When the sides got together on Tuesday, for the fourth time in five days, they again focused their talks on secondary issues and not the core economics that have the NHL and the union at odds.
With little to actually discuss, the meeting broke up relatively quickly and left both groups frustrated.
Daly said the league has already lost $100 million in revenues from lost preseason games. The sides are fighting about how to divide up over $3 billion in hockey-related revenues. Players received 57 percent of that pot in the previous collective bargaining agreement, and the NHL wants that number to drop under 50 percent in the new deal.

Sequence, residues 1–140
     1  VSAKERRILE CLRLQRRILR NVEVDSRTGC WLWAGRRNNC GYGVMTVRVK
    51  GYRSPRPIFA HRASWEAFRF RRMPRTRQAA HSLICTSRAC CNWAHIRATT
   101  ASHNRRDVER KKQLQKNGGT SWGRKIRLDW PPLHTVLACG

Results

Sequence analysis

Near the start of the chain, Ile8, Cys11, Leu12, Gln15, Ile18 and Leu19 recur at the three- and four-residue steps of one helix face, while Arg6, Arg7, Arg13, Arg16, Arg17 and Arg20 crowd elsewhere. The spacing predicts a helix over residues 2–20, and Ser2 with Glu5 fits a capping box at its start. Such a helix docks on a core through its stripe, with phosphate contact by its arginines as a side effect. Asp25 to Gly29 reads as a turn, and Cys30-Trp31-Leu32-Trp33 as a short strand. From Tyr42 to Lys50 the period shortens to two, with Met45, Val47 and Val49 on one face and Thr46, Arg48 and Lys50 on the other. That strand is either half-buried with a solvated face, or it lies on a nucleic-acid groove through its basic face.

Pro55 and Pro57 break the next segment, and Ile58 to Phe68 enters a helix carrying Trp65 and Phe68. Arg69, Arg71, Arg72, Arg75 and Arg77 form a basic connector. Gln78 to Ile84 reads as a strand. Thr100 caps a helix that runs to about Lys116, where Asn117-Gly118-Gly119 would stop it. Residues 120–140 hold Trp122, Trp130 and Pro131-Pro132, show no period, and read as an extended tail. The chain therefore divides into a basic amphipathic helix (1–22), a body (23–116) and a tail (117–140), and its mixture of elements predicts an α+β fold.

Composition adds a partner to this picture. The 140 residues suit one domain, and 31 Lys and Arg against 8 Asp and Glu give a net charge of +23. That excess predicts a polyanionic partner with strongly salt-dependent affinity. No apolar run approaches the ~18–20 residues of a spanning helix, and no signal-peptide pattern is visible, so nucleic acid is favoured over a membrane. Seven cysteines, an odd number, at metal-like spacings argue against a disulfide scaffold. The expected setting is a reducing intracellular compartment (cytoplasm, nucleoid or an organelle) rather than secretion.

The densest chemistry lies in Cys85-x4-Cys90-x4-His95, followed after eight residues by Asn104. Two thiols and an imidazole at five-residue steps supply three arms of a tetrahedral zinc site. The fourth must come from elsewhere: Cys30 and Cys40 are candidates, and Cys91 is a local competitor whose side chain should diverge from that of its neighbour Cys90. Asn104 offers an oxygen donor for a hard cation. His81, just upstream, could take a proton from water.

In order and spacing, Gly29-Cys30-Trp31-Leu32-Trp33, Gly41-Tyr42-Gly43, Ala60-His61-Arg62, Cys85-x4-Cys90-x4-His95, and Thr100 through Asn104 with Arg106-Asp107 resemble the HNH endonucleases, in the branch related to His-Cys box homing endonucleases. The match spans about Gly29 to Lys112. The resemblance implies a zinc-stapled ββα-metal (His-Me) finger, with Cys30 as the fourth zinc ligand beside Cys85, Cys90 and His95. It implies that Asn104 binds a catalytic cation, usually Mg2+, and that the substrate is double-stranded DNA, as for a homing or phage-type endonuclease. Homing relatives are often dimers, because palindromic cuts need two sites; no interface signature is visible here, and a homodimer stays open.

Players have offered to take a smaller cut as long as there is more revenue sharing between the richer and poorer franchises.
When Daly left the latest negotiating session, he said it "was not overly encouraging."
"We are closer by definition (to canceling regular season games)," he added. "We are focused on minimizing the damage."
Players' Association Executive Director Donald Fehr contends that the union has made proposals that move closer to the NHL's position, and that the league has moved further away from the players.
Steve Fehr disputed Daly's assessment that progress wasn't made on Tuesday.
"Talks can resume anytime they're ready," he said.